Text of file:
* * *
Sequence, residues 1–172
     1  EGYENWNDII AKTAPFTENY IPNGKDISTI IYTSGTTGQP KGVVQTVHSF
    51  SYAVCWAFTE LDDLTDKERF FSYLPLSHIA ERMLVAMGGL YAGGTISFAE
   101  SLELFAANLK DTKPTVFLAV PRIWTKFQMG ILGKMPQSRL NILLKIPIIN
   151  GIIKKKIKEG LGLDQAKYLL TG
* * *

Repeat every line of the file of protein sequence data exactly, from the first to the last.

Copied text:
Sequence, residues 1–172
     1  EGYENWNDII AKTAPFTENY IPNGKDISTI IYTSGTTGQP KGVVQTVHSF
    51  SYAVCWAFTE LDDLTDKERF FSYLPLSHIA ERMLVAMGGL YAGGTISFAE
   101  SLELFAANLK DTKPTVFLAV PRIWTKFQMG ILGKMPQSRL NILLKIPIIN
   151  GIIKKKIKEG LGLDQAKYLL TG